3. Were study groups comparable? Yes
  3.1. Was the method of assigning subjects/patients to groups described and unbiased? (Method of randomization identified if RCT) Yes
  3.2. Were distribution of disease status, prognostic factors, and other factors (e.g., demographics) similar across study groups at baseline? No
  3.3. Were concurrent controls or comparisons used? (Concurrent preferred over historical control or comparison groups.) Yes
  3.4. If cohort study or cross-sectional study, were groups comparable on important confounding factors and/or were preexisting differences accounted for by using appropriate adjustments in statistical analysis? Yes
  3.5. If case control study, were potential confounding factors comparable for cases and controls? (If case series or trial with subjects serving as own control, this criterion is not applicable.) Yes
  3.6. If diagnostic test, was there an independent blind comparison with an appropriate reference standard (e.g., "gold standard")? ???
4. Was method of handling withdrawals described? N/A
  4.1. Were follow-up methods described and the same for all groups? N/A
  4.2. Was the number, characteristics of withdrawals (i.e., dropouts, lost to follow up, attrition rate) and/or response rate (cross-sectional studies) described for each group? (Follow up goal for a strong study is 80%.) N/A
  4.3. Were all enrolled subjects/patients (in the original sample) accounted for? Yes
  4.4. Were reasons for withdrawals similar across groups? N/A
  4.5. If diagnostic test, was decision to perform reference test not dependent on results of test under study? Yes
5. Was blinding used to prevent introduction of bias? ???
  5.1. In intervention study, were subjects, clinicians/practitioners, and investigators blinded to treatment group, as appropriate? N/A
  5.2. Were data collectors blinded for outcomes assessment? (If outcome is measured using an objective test, such as a lab value, this criterion is assumed to be met.) Yes
  5.3. In cohort study or cross-sectional study, were measurements of outcomes and risk factors blinded? ???
  5.4. In case control study, was case definition explicit and case ascertainment not influenced by exposure status? N/A
  5.5. In diagnostic study, were test results blinded to patient history and other test results? ???
6. Were intervention/therapeutic regimens/exposure factor or procedure and any comparison(s) described in detail? Were interveningfactors described? Yes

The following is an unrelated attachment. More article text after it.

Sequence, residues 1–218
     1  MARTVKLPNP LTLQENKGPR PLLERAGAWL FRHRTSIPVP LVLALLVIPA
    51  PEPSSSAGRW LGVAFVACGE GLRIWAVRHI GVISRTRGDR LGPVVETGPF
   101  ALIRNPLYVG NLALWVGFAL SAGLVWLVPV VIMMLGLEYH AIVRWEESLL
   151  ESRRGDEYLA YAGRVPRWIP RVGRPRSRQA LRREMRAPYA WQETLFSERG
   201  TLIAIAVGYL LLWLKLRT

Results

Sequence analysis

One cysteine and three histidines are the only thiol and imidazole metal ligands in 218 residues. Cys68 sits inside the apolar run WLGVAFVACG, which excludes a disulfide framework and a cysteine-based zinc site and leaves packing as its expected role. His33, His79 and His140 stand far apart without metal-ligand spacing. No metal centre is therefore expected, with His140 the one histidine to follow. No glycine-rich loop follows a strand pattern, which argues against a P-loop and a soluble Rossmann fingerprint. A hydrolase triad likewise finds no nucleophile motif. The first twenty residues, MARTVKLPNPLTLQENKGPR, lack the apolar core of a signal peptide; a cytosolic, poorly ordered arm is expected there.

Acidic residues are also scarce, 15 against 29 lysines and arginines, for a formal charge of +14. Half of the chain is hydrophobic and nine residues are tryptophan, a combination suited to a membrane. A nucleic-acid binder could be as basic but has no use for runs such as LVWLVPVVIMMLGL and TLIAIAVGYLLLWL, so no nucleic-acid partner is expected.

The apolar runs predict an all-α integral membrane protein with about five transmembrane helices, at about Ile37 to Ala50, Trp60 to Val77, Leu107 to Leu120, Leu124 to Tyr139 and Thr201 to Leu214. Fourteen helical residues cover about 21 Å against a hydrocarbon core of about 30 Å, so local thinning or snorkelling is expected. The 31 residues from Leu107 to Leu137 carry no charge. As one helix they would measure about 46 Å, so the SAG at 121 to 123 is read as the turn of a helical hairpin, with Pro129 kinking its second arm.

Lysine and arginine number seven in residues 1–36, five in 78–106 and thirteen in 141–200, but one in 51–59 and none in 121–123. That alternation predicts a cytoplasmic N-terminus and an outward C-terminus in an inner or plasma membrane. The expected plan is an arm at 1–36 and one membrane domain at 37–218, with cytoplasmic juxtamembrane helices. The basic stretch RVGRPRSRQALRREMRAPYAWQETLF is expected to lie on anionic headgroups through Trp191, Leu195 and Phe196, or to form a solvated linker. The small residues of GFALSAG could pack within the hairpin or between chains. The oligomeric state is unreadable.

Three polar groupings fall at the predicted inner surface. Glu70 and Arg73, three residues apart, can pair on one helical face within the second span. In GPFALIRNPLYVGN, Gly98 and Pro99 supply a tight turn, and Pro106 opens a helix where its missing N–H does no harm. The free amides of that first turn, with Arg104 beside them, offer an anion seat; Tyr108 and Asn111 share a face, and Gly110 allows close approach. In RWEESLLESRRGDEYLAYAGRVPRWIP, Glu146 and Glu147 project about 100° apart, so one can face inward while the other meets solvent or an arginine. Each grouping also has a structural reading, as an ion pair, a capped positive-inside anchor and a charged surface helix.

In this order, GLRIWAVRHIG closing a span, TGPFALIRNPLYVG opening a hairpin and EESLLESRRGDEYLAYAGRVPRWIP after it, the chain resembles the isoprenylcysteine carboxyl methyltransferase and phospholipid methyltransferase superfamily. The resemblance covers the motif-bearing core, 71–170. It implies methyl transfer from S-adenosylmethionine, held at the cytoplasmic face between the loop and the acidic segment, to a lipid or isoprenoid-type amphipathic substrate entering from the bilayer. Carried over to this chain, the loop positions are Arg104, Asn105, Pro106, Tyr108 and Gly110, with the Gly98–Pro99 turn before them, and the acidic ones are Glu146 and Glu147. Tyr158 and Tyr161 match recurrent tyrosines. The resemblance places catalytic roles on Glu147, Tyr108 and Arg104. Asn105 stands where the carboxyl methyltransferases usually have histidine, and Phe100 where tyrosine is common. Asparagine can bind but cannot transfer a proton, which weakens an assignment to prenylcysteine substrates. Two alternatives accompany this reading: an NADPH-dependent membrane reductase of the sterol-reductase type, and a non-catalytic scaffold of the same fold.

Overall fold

6.1. In RCT or other intervention trial, were protocols described for all regimens studied? N/A
  6.2. In observational study, were interventions, study settings, and clinicians/provider described? Yes
  6.3. Was the intensity and duration of the intervention or exposure factor sufficient to produce a meaningful effect? Yes
  6.4. Was the amount of exposure and, if relevant, subject/patient compliance measured? N/A
  6.5. Were co-interventions (e.g., ancillary treatments, other therapies) described? Yes
  6.6. Were extra or unplanned treatments described? N/A
  6.7. Was the information for 6.4, 6.5, and 6.6 assessed the same way for all groups? Yes
  6.8. In diagnostic study, were details of test administration and replication sufficient? Yes
7. Were outcomes clearly defined and the measurements valid and reliable? Yes
  7.1. Were primary and secondary endpoints described and relevant to the question? Yes
  7.2. Were nutrition measures appropriate to question and outcomes of concern? N/A
  7.3. Was the period of follow-up long enough for important outcome(s) to occur? Yes
  7.4. Were the observations and measurements based on standard, valid, and reliable data collection instruments/tests/procedures? Yes
  7.5. Was the measurement of effect at an appropriate level of precision? Yes
  7.6. Were other factors accounted for (measured) that could affect outcomes? Yes
  7.7. Were the measurements conducted consistently across groups? Yes
8. Was the statistical analysis appropriate for the study design and type of outcome indicators? Yes
  8.1. Were statistical analyses adequately described and the results reported appropriately? Yes
  8.2. Were correct statistical tests used and assumptions of test not violated? Yes
  8.3. Were statistics reported with levels of significance and/or confidence intervals? Yes
  8.4. Was "intent to treat" analysis of outcomes done (and as appropriate, was there an analysis of outcomes for those maximally exposed or a dose-response analysis)? N/A
  8.5. Were adequate adjustments made for effects of confounding factors that might have affected the outcomes (e.g., multivariate analyses)? N/A
  8.6. Was clinical significance as well as statistical significance reported? Yes
  8.7. If negative findings, was a power calculation reported to address type 2 error? N/A
9. Are conclusions supported by results with biases and limitations taken into consideration? Yes
  9.1. Is there a discussion of findings? Yes
  9.2. Are biases and study limitations identified and discussed? Yes
10. Is bias due to study's funding or sponsorship unlikely? Yes
  10.1. Were sources of funding and investigators' affiliations described? Yes
  10.2. Was the study free from apparent conflict of interest? Yes